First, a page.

I’m worried. I want an opposition party in America that has, at one end of its continuum of beliefs, a far less radical strain — one that doesn’t make me fear the sparking of domestic violence and terrorism. Since I started appearing on The Strategy Room a few months ago, I have met more conservatives (which is to say Republicans) than I have ever met in my life. Like Democrats (which is not to say liberals in all cases), they come in varieties. Indeed, there are some varieties with whom I enjoy chatting and of whom I’m realizing I’m actually quite fond and wished I traveled in the same circles as. (Note to English teachers: pardon the atrocious syntax of the prior sentence.) Some varieties of conservatives, though, leave me enraged: I can’t believe anyone believes what they believe. But they do. For me, it’s as if we’re just not from the same America. Yet America belongs to us both. In a way, I feel like our national argument is over who will get the final say over whose America it is.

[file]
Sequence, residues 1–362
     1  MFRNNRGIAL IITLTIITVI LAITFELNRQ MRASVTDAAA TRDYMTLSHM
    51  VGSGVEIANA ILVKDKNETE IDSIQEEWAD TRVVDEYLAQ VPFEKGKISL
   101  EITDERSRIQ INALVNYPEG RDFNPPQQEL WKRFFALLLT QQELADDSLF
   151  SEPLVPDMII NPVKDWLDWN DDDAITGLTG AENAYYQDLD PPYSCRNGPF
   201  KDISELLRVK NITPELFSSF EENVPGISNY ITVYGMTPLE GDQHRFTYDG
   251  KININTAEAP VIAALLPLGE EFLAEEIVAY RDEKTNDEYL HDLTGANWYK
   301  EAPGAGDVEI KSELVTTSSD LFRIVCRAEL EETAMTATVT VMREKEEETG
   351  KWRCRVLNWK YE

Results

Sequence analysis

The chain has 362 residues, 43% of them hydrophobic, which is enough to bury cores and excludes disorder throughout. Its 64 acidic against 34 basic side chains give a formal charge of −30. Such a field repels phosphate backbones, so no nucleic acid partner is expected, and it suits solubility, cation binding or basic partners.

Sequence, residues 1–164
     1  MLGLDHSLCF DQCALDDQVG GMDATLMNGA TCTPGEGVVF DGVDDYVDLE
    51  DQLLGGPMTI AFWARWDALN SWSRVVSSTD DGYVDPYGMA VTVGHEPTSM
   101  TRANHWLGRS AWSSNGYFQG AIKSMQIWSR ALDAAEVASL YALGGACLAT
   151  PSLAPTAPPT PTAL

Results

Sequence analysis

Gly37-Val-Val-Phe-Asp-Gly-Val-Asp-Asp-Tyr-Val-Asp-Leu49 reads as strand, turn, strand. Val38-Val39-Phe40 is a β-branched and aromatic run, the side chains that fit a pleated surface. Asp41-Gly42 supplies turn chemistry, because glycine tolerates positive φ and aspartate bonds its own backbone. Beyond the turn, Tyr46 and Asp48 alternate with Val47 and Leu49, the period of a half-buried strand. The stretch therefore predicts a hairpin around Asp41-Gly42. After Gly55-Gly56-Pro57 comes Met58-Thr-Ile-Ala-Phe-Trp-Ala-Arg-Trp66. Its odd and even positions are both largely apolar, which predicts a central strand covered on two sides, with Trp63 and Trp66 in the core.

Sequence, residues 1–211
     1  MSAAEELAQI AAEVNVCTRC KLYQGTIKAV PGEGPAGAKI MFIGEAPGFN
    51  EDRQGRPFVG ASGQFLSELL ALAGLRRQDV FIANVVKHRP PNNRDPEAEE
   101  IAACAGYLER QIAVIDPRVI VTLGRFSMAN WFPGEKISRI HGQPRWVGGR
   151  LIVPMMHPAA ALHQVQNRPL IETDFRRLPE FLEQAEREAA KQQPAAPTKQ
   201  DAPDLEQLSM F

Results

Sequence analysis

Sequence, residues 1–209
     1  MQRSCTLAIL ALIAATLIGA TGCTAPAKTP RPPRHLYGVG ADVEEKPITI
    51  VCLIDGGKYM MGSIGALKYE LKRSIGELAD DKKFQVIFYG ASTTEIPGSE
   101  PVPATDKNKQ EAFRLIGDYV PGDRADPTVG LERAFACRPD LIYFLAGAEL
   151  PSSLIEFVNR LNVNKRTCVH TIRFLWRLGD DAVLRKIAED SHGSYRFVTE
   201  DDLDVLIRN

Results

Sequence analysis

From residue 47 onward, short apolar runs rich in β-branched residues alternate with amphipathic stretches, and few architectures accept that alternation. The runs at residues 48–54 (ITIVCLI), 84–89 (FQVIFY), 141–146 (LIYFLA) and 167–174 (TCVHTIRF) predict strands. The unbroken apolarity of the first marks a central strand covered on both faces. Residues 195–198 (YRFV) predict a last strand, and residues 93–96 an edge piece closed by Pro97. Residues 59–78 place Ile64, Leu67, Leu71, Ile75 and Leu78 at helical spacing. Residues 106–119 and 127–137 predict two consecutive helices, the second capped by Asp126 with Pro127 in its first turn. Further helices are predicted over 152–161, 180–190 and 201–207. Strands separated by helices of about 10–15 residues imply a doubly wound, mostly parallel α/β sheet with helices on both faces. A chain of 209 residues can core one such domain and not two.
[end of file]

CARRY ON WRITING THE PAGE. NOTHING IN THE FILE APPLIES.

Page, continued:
So then I went to the tea party last night at City Hall and, in one moment of baptismal submersion, I took in all those varieties all at once. And then I realized that on the right, the width of the philosophical continuum just isn’t as wide. It’s less a philosophical continuum than a bifurcation. There are conservatives who are moderate conservatives and consequently want there to be debate, but civil debate. There are conservatives who are extreme conservatives and those are the people that worry me. What worries me is what happens is this equation.
+ The warning against right-wing extremist violence from the Department of Homeland Security and the backlash against DHS Secretary Janet Napolitano:
+ Newt Gingrich’s rather tepid evasion technique when asked directly whether this is a “battle” between capitalism and socialism:
= what? What if the far-right should unleash the worst strain of extremism and we meet the next Timothy McVeigh or the next Lee Harvey Oswald? What responsibility will the Republicans have if something should happen, God forbid, to the President? After all, in Perry’s case, if you’re asserting the right to leave the union, you’re far from interested in the comportment required to preserve it. Would something terrible happening to Obama be the equivalent of Fort Sumter?